Who Needs Revivals?

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Jane Krakowski, formerly the un-inhibited secretary on TV's Ally McBeal, makes one of the more spectacular entrances in recent stage history in the Broadway musical Nine. Playing the mistress of a movie director, she arrives in Act I on a satin-bedsheet swing lowered from the rafters. Flaunting her slim but curvy body and looking like Barbarella in '60s-style layered hair and industrial-strength eye makeup, she gives the show a jolt of wit and sex.

It's the only pleasurable jolt in this revival of Maury Yeston and Arthur Kopit's 1982 musical, based on Fellini's 8 1/2. Sure, there's film star Antonio Banderas making his Broadway debut as the director, and Chita Rivera, in a supporting role, drawing the obligatory cheers for still being able to lift her leg onto his shoulder at age 70. But the show prompts the same question it did 20 years ago: Why turn a movie with one of the greatest film scores ever written (by Nino Rota) into a Broadway musical with mediocre songs?

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Nine is just the latest unnecessary revival in a Broadway season overflowing with them. Sixteen of the 35 shows that opened, or will open, this season for Tony consideration were revivals, up from 15 last season and 11 (out of 27 shows) in 2000-01. Some of these retreads are hard to begrudge, like the Our Town that brought Paul Newman back to Broadway for the first time since 1964 and the upcoming production of Long Day's Journey Into Night, starring Vanessa Redgrave, Brian Dennehy and Philip Seymour Hoffman, which is the hottest ticket of the spring. Moreover, in an era when mounting a new musical is a huge gamble and no one seems to bring straight plays to Broadway anymore unless they have had a tryout in London, revivals at least keep the lights on.

What's less defensible is the number of shows that are being brought back prematurely or without much point. Nine, despite winning five Tonys in 1982, was a dull show then, and it's a dull show now. The main achievement of Frankie and Johnny in the Clair de Lune, a revival of Terrence McNally's sentimental two-hander starring Stanley Tucci and Edie Falco, seems to have been to break up Tucci's marriage. (The show is closed, but he and Falco, who played a nude scene together, are now tabloid fodder.) Ma Rainey's Black Bottom was the first play, and still one of the best, in August Wilson's projected 10-play cycle on the African-American experience in the 20th century. But couldn't we at least have waited until he finished the project (No. 9 opens in Chicago this week) before starting all over again — with Charles Dutton playing the same part he created in 1984?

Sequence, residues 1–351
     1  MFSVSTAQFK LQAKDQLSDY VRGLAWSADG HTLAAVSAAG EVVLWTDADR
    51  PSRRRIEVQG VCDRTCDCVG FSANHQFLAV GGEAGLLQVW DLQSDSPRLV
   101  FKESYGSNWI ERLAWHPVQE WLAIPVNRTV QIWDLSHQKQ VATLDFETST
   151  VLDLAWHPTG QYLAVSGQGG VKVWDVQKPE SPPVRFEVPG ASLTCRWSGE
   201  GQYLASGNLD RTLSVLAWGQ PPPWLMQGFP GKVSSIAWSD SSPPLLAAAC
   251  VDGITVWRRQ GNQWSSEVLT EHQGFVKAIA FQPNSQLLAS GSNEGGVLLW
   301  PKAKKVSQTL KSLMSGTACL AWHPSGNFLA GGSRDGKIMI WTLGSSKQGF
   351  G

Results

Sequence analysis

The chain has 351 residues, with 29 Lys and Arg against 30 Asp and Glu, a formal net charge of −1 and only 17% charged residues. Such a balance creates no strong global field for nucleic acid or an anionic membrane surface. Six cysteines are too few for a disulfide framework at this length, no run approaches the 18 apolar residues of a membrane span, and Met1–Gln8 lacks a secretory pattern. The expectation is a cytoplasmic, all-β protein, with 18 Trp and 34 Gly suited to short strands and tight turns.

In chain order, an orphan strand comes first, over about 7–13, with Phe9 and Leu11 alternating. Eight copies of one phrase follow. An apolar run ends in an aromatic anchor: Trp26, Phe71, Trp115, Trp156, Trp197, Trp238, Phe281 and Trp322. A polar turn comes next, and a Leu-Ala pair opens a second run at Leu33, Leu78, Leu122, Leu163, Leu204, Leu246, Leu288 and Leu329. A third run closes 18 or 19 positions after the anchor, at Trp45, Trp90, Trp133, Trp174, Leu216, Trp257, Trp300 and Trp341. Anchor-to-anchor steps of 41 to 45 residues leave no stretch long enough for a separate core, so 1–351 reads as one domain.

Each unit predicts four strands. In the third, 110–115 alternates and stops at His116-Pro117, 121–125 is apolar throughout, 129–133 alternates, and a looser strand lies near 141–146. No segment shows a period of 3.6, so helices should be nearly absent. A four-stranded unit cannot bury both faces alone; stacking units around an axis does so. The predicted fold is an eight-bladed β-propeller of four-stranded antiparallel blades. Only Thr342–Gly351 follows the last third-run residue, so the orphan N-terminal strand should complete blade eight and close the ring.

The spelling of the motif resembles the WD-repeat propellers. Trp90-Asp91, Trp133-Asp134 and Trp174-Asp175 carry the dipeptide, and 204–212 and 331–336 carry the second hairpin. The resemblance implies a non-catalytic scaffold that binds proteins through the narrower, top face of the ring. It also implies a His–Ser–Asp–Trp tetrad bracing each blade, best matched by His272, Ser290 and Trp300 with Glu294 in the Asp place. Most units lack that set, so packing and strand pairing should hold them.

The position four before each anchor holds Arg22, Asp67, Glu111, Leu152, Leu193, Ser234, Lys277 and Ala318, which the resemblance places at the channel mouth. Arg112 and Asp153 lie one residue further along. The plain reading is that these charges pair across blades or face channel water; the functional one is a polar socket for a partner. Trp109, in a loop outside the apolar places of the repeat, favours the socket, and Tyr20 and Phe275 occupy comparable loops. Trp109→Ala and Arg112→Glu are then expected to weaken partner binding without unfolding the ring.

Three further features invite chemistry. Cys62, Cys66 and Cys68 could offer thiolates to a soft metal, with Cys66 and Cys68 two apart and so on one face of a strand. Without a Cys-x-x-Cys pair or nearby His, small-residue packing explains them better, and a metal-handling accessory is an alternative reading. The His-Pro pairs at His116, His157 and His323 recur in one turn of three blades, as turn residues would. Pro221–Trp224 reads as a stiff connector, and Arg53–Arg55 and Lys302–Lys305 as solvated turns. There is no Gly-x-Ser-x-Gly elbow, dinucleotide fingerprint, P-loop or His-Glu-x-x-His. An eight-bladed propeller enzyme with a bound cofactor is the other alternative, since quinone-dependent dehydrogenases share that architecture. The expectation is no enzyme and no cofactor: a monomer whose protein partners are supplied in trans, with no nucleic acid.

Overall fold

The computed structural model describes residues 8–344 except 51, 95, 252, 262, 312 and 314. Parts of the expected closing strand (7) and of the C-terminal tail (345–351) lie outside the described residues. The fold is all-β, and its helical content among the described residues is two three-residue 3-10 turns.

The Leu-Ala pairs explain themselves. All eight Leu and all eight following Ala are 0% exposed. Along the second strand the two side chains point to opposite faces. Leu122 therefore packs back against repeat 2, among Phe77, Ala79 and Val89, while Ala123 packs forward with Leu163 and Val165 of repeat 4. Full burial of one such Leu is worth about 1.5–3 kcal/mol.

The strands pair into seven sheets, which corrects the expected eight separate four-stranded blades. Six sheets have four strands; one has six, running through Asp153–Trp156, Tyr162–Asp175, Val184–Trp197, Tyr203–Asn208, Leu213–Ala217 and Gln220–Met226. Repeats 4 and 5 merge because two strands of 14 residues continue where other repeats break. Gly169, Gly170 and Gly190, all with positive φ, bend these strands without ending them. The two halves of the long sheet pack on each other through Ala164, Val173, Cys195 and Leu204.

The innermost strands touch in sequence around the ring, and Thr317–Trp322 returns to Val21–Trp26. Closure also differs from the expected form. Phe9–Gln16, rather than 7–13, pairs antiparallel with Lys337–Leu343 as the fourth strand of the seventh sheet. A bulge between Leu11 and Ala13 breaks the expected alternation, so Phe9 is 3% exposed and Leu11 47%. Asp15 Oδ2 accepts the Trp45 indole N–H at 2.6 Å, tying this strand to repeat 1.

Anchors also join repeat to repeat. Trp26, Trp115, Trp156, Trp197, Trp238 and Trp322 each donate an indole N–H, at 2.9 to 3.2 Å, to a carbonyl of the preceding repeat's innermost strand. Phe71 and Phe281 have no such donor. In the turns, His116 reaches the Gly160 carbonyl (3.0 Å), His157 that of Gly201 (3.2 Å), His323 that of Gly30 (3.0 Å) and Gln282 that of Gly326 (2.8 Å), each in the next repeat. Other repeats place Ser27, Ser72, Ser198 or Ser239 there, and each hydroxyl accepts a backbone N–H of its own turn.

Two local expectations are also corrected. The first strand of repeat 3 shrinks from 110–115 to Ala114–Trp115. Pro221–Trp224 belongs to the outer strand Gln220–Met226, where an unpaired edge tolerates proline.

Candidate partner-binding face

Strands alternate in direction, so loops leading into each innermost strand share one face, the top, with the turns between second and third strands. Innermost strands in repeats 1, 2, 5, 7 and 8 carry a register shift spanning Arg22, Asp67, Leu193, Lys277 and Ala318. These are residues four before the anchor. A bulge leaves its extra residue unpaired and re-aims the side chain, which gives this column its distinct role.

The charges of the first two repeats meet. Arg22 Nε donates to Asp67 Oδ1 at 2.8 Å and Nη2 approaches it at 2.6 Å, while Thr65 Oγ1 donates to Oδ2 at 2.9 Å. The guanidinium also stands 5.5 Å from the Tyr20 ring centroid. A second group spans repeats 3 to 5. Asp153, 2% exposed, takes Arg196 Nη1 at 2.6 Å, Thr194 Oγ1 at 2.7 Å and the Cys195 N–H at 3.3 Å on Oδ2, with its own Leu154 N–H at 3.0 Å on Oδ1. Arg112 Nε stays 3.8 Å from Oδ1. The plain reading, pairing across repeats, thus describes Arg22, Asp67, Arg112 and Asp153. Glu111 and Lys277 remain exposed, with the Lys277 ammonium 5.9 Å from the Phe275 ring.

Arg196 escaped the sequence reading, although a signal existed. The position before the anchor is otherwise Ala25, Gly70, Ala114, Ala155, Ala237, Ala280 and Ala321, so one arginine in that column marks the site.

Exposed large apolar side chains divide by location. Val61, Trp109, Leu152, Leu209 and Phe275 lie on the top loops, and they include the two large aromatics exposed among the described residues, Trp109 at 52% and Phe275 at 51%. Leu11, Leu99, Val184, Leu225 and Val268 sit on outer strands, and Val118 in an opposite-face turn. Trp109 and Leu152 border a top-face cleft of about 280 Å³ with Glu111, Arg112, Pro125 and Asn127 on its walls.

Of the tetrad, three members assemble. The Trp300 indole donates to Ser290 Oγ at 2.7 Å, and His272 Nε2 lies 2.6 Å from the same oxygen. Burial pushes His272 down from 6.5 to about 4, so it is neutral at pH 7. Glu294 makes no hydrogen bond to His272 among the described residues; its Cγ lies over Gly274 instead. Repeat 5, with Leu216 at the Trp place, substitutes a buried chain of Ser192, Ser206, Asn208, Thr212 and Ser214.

Much of this, of course, has to do with stars. Man of La Mancha got a lavish new production this season largely to give Brian Stokes Mitchell a role worthy of his baritone. Gypsy, last revived in 1989 with Tyne Daly, is about to return once again, primarily so that leading Broadway baby Bernadette Peters can continue to have gainful employment. Expect some critical carping about whether she's right for the brassy role of Mama Rose — but is there a more risk-free idea on all of Broadway?

A few revivals seem worth the effort. It was probably too soon to bring back A Day in the Death of Joe Egg, Peter Nichols' 1967 play about a couple with a severely retarded child (it had a perfectly good revival in 1985 starring Stockard Channing and Jim Dale), but its brutally unsentimental treatment of a touchy subject, the experiments in narrative and a galvanizing performance by comedian Eddie Izzard give it the immediacy of a spring thunderstorm. And a revival of Flower Drum Song earlier this season gave that politically incorrect Rodgers and Hammerstein musical about Chinese Americans a smart and satisfying rewrite (not the way people remembered it; the show closed).

It would be nice if future revivals could at least abide by a few rules. Shows shouldn't come back unless 1) they have been away so long that few theatergoers remember them; 2) they are ripe for the fresh perspective of a new era; or 3) they're being given a bold new interpretation. For the first, how about putting together a couple of the terrific one-acts that Israel Horovitz and Terrence McNally were turning out in the 1960s and '70s (The Indian Wants the Bronx; Next)? For the second, with Susan Stroman and Twyla Tharp reinvigorating Broadway dance, what better time for a new West Side Story? For the third, well, let's just say if anybody is thinking of bringing back Death of a Salesman, it had damned well better star Eminem.